My right hon. Friend will understand that there is reasonable impatience, in view of the obvious benefits that the scheme can bring, that it should be carried into legislation at the earliest possible date, and to consummate the wide-ranging reform of taxation that has been a feature of his term of office.
Many of us on the Labour side do not share the relative euphoria expressed by the hon. Member for Bridgwater (Mr. Tom King). The system as envisaged will help the rich and not the poor. It will make the position of many groups of the poor, such as the single-parent family, many pensioners, the sick and the unemployed, worse. It will make it more difficult to achieve a more progressive income tax system and will be wasteful, because it will eliminate claw-back. The only vestige of a benefit will arise from the £1,300 million of extra taxation achieved through the system.
The hon. Member has obviously not read the Green Paper recently or he would know that the proposals in it would give a positive social benefit in cash to millions of hard-pressed families—particularly those with children. The proposals would increase the income of between 3 million and 4 million pensioners and relieve hundreds and thousands of people of the need to claim supplementary benefit. These proposals will be simpler and easier for people to understand and fairer than the present system of tax allowances. They will also lead to considerable savings in civil servants.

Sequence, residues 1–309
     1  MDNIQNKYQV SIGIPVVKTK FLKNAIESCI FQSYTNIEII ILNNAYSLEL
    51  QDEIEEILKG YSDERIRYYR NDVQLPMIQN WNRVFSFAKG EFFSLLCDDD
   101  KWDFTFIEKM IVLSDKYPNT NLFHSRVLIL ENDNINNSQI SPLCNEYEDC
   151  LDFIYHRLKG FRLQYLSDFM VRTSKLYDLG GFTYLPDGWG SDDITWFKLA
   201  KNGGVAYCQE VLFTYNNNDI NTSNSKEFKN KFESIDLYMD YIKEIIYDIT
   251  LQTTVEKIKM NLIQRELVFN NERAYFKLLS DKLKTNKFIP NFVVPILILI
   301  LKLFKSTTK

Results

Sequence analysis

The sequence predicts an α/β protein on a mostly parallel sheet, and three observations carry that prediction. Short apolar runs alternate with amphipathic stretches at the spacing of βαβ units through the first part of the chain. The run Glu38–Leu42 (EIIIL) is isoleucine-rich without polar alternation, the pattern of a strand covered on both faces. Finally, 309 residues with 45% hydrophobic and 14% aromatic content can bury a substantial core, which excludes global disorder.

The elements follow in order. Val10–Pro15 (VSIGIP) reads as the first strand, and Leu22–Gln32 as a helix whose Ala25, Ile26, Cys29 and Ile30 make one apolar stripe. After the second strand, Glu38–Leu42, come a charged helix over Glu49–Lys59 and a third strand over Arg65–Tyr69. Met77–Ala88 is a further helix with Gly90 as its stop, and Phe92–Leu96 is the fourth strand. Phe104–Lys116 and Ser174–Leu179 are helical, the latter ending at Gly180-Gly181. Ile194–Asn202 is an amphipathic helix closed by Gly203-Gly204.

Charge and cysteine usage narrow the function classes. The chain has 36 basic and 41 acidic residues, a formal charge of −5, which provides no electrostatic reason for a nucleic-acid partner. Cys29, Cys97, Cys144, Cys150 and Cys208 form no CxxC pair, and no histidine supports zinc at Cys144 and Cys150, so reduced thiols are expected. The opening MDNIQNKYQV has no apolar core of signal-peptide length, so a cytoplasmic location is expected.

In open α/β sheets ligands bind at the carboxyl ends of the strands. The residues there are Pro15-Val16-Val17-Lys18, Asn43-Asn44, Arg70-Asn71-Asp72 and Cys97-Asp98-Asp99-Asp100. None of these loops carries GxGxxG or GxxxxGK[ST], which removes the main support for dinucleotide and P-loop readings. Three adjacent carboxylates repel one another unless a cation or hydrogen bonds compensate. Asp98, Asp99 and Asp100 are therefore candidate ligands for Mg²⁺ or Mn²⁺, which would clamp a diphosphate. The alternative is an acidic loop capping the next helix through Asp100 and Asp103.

Any Labour Member who wants to know what the tax credits will or will not do would be better advised to await the report of the Select Committee, because obviously we are talking in a vacuum. It is obvious not only that the hon. Member has not read the Green Paper but also that he cannot possibly have read the report.
I, too, agree, and I hope that my hon. Friend would not have read the report. Equally, I hope that the Chancellor will not wish to mislead the House by suggesting that large numbers of pensioners and others will benefit, because they will benefit only if he finds the £1,300 million.
—finding money to provide the wherewithal for the tax credit scheme which, in part, will replace certain aspects of the income tax scheme. Under the Labour Government it would clearly have been impossible to find the means to finance these benefits. Under this Government, which has already reduced taxation by £4,000 million, it will be possible to finance the tax credit scheme.